Cherokee Nation Celebrates Grand Opening of New Cultural, Welcome Center

Cherokee Cultural Center Ribbon Cutting
Cherokee Nation Principal Chief Chuck Hoskin Jr. and First Daughter Jasmine Hoskin cut the ribbon on the new Cherokee Nation Anna Mitchell Cultural & Welcome Center in Vinita.

VINITA, OK – Travelers on Route 66 can now visit the Cherokee Nation Anna Mitchell Cultural & Welcome Center. Named in honor of the late Cherokee National Treasure Anna Belle Sixkiller Mitchell, the center shares the history of both Cherokee Nation and the Vinita community while honoring Mitchell’s efforts to revitalize Cherokee pottery.

“This $5 million investment is one that we can all be proud of,” said Cherokee Nation Principal Chief Chuck Hoskin Jr. “We proudly open this new center in honor of the late Anna Mitchell to recognize her efforts not only in pottery, but in cultural preservation. This facility will be a beacon for Cherokee culture and art, and will have a positive and enduring economic impact on the local economy.”

The facility is the first of its kind and is the vision of Cherokee Nation First Lady January Hoskin, who saw an opportunity for the tribe to expand its tourism offerings and elevate its voice on iconic Route 66.

Cherokee Nation Cultural Welcome Center

“Cherokee art and culture are simply beautiful and worth celebrating,” said First Lady Hoskin. “As First Lady, I have tried to do my part to support the existing facilities and programs, but also encourage the expansion of access to Cherokee art and culture across the reservation and beyond. Vinita’s status as a historic Cherokee town along major thoroughfares means that Anna Mitchell’s legacy and this beautiful center will be a true gateway to all of Cherokee Nation.”

Located in Craig County, the 9,400 sq. ft., two-story stone building is situated on eight acres overlooking historic Route 66. 

“Like Cherokee Nation Businesses itself, the Anna Mitchell Cultural & Welcome Center is founded with purpose,” said Cherokee Nation Businesses (CNB) Executive Chairman Bill John Baker. “We have a purpose and passion for developing our communities, supporting our local and regional economies, and preserving our culture. The vision and hard work of everyone involved in this project furthers CNB’s purpose.” 

Mitchell was a renowned artist known as a trailblazer and was widely accepted as an authority on both Southeastern and Eastern Woodlands-style pottery. Recognized for her traditional, handmade pottery and for sharing her knowledge and artistic skills with others, Mitchell was designated a Cherokee National Treasure in 1988. Among many others, Deputy Speaker Vazquez carries on her mother’s work and was named a Cherokee National Treasure for pottery in 2012.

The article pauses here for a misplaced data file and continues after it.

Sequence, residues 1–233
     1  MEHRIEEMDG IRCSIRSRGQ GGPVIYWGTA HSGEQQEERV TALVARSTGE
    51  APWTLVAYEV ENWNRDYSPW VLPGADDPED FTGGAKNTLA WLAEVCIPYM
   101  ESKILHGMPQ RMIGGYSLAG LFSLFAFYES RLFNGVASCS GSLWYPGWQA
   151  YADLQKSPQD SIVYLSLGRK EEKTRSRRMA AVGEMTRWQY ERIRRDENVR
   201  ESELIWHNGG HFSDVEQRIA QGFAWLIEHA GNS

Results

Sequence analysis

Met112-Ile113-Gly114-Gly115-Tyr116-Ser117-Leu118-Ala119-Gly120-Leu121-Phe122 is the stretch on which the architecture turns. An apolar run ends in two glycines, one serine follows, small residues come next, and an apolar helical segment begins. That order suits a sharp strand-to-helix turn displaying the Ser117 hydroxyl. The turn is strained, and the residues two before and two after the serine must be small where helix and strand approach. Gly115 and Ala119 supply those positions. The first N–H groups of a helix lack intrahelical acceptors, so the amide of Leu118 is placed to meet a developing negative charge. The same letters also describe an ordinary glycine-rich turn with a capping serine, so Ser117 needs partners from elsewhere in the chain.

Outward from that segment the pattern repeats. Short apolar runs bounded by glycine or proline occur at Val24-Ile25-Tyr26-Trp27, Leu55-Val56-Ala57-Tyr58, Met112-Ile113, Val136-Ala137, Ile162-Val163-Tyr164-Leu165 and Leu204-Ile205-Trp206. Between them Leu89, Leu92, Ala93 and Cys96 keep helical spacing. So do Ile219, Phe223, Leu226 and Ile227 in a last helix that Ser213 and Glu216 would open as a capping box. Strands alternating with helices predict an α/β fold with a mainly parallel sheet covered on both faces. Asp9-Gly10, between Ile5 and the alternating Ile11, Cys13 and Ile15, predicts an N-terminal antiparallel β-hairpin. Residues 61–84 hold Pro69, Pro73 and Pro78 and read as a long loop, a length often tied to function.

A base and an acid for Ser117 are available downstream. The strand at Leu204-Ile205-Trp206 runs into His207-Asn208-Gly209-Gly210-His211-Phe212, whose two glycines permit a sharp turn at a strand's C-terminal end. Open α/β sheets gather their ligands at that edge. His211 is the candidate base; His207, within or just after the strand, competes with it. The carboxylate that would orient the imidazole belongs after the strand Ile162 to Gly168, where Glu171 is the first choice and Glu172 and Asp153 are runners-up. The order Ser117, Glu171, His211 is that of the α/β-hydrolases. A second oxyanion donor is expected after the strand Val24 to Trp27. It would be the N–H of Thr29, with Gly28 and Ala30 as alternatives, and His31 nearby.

“Today is surreal. I’m honored to see everyone gathered here to celebrate this beautiful center and the story we will share here,” said Vazquez. “There was such delicate and thoughtful attention to detail in every aspect of this design, and I’m blown away by the talented artists who have paid tribute to my mother. The work of Chief and First Lady Hoskin, Cherokee Nation Businesses, and everyone involved is so impactful. This center is a gift to us all, knowing her legacy will continue to thrive for generations to come in the work of those she taught and inspired. Sharing this day with my sister, Julie, means the world to me.”

Seven Cherokee artists, including many National Treasures, are featured in the center’s inaugural exhibition, “Anna’s Legacy: A Cherokee Pottery Renaissance,” including Cherokee National Treasures Bill Glass Jr., Jane Osti, Lisa Rutherford and Troy Jackson, alongside Cherokee artists Carrie Lind, Crystal Hanna and Tama Roberts. Each artist was influenced in some way by Mitchell, and many items are available to purchase. 

The center also boasts several original works of art as well as outdoor public art installations. The sculpture “A Bundle of Seven Arrows,” by Cherokee National Treasure Demos Glass, represents the unity of Cherokee Nation’s seven matrilineal clans. The sculpture is surrounded by “The Vessel,” a landscape feature honoring Mitchell’s work revitalizing Cherokee pottery with high walls designed to resemble stamped pottery patterns. 

Formerly known as the Vinita Country Club, the property underwent renovations to join the tribe’s award-winning cultural tourism efforts. The cultural and welcome center now features an exhibit gallery, a grab-and-go café with Native-inspired cuisine, a gift shop, and flexible space for cultural classes and events.

“Vinita is such a fitting location for this wonderful facility, given our deep Cherokee history and our location near existing attractions and along major highways, including Interstate 44 and the historic Route 66,” said Vinita Mayor Chuck Hoskin. “Thanks to the vision of First Lady Hoskin, the hard work of the team at Cherokee Nation Businesses and this investment on behalf of the Cherokee people, the Anna Mitchell Cultural & Welcome Center ensures our region will continue to flourish.”

The Cherokee Nation Anna Mitchell Cultural & Welcome Center is open to the public seven days and is located at 953 E. Illinois Ave.